Warren, the founder of the Saddleback mega-church in Lake Forest, Calif., began writing “The Daniel Plan” after noticing that he and many of his congregants had grown too fat. While preaching one Sunday, he asked if anyone would like to join him in a biblically based effort to exercise, eat better and lose weight. More than 12,000 people immediately signed up. Legions more have since joined the cause through his interactive Web site, which offers an inspirational workout music CD, a DVD that demonstrates his “comprehensive fitness system based on God’s power, not just will power,” and “The Daniel Plan Cookbook.” (Daniel-branded moisture-wicking T-shirts are available, too.)
“The Daniel Plan” takes its title from the Bible story in which young Daniel refuses to defile himself with meat or wine from the Babylonian king’s table. Warren’s program involves working with a small group, exercising regularly, avoiding processed foods and eating a diet that emphasizes fruits and vegetables. But the “special sauce,” he says, is faith and friends.
Warren is no newcomer to the bestseller list, of course. His 2002 devotional book “The Purpose Driven Life” has sold tens of millions of copies around the world.
The Christian Book Awards are the oldest prizes in the religious publishing industry. To be eligible, titles must “include explicit Christian content, an overtly Christian message, and/or a distinctively Christian world view.” Nominated books must also be in harmony with the ECPA’s statement of faith, which includes belief in the Trinity, the infallibility of the Bible, the Virgin Birth, the Atonement, the Resurrection and the eternal damnation of sinners.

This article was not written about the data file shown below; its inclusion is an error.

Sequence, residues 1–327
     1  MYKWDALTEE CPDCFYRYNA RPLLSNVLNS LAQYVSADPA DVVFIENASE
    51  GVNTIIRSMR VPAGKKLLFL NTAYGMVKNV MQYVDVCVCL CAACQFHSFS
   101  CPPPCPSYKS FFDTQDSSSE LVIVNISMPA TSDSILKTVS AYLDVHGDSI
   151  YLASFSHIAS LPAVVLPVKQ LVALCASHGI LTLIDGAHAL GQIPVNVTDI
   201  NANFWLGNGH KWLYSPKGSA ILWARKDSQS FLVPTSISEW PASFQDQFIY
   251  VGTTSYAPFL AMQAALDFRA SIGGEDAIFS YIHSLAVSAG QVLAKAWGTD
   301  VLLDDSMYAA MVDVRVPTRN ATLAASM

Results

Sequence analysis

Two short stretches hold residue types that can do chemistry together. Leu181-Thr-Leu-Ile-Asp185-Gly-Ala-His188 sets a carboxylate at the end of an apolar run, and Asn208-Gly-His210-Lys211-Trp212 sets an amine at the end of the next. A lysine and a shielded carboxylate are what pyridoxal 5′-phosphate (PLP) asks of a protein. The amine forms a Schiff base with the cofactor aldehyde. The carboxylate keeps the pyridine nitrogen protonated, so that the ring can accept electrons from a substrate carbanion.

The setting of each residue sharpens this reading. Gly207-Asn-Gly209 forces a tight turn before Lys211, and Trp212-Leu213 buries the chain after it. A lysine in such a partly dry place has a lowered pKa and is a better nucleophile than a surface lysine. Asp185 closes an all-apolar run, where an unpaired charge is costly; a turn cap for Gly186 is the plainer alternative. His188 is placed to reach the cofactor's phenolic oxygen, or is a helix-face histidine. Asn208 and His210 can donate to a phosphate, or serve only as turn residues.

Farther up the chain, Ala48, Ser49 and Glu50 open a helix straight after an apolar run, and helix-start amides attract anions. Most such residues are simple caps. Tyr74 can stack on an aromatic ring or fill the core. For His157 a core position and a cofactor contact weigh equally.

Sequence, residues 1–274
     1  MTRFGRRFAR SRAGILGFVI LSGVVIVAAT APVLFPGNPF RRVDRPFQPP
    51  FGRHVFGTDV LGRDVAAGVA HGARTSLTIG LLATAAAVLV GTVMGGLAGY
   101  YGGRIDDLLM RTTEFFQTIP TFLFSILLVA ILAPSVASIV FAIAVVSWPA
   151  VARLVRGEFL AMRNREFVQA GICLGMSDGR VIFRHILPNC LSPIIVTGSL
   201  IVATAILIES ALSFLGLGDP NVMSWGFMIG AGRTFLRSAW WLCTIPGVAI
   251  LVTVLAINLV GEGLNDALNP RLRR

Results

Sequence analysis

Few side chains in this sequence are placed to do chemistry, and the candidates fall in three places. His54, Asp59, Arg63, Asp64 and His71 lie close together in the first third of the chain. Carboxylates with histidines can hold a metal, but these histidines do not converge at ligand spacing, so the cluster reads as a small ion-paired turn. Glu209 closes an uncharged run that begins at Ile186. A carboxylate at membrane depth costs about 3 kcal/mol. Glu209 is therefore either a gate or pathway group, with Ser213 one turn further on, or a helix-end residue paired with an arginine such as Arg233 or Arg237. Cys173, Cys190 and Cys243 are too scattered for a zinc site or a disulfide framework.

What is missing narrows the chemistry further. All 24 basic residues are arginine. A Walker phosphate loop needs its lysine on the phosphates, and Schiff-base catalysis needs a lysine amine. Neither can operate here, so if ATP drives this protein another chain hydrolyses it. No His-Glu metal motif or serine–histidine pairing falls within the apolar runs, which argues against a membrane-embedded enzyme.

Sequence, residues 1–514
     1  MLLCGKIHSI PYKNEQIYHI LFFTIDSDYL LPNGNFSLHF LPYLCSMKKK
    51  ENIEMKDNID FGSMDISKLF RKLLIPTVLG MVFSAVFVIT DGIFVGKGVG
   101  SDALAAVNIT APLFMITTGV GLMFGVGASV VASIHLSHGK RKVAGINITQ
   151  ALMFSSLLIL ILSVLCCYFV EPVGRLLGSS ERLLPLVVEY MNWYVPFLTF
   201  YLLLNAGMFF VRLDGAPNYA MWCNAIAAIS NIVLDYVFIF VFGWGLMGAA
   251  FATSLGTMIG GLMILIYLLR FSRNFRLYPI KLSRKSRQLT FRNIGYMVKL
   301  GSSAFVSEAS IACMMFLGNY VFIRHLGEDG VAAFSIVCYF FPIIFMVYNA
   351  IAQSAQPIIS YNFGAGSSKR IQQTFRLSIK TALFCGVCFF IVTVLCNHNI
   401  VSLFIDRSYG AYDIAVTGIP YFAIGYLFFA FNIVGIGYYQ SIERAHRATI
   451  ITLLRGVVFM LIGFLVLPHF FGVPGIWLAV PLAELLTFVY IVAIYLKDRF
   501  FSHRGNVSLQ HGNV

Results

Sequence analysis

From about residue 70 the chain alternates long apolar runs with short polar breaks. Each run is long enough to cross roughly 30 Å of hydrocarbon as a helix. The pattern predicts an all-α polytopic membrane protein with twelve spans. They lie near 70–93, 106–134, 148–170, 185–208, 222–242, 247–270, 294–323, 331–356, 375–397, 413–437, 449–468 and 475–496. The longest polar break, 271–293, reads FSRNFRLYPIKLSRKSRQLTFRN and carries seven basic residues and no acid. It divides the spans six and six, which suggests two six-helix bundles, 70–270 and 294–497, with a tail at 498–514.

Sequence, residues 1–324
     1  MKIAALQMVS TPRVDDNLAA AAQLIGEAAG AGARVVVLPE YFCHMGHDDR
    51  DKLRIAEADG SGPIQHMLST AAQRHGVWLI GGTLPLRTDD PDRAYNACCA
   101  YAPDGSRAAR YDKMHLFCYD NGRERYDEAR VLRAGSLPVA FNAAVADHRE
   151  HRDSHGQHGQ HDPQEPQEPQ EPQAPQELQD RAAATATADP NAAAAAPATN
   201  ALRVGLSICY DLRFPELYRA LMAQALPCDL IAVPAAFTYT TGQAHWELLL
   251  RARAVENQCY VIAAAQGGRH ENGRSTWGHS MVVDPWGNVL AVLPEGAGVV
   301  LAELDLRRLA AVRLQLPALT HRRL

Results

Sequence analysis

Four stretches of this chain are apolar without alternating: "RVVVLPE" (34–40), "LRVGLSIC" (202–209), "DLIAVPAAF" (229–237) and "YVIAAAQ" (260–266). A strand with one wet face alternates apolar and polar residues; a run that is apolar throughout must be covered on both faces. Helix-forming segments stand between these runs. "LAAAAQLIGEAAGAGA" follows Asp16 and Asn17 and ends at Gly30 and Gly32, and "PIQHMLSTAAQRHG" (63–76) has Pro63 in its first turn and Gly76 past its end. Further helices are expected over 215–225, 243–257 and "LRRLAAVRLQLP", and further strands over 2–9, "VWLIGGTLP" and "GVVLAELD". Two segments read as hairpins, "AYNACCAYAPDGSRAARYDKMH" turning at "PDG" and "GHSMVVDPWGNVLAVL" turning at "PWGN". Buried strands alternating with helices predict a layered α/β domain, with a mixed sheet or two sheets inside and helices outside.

Long before tonight’s awards ceremony, some church members apparently expressed concerns that “The Daniel Plan” is associated with high-profile doctors who do not share the orthodox theology of the Saddleback church (Dr. Mehmet Oz also provided consultation). “You can rest assured we will never compromise our belief that Jesus is the only way to heaven or that the Bible is the 100% completely infallible and perfect Word of God,” the Daniel Plan Web site says. “The Doctors are helping us as friends, but are in no way advising our church on spiritual matters.”
Among the other winners at tonight’s ceremony was Nabeel Qureshi. He won in two different categories — Best New Author and Best Nonfiction — for his memoir “Seeking Allah, Finding Jesus: A Devout Muslim Encounters Christianity.” Qureshi published this book, he writes, “to tear down walls by giving non-Muslim readers an insider’s perspective into a Muslim’s heart and mind.” He also wanted to share what he learned: “There is no good reason to believe that either Muhammad or the Quran teaches the truth about God.”
The other winners tonight’s Christian Book Awards are:
“NIV First-Century Study Bible,” by Kent Dobson (Zondervan).
“1, 2 and 3 John: Zondervan Exegetical Commentary on the New Testament,” Karen H. Jobes (Zondervan).
“My Bible Animals Storybook,” by Dandi Daley Mackall, illustrated by Heather Heyworth (Tyndale).
“The Advocate,” by Randy Singer (Tyndale).
“The Hardest Peace: Expecting Grace in the Midst of Life’s Hard,” by Kara Tippetts (David C Cook).
The ECPA, founded in 1974, is an international trade organization of about 200 Christian publishers and book distributors with a combined revenue of nearly $1.4 billion.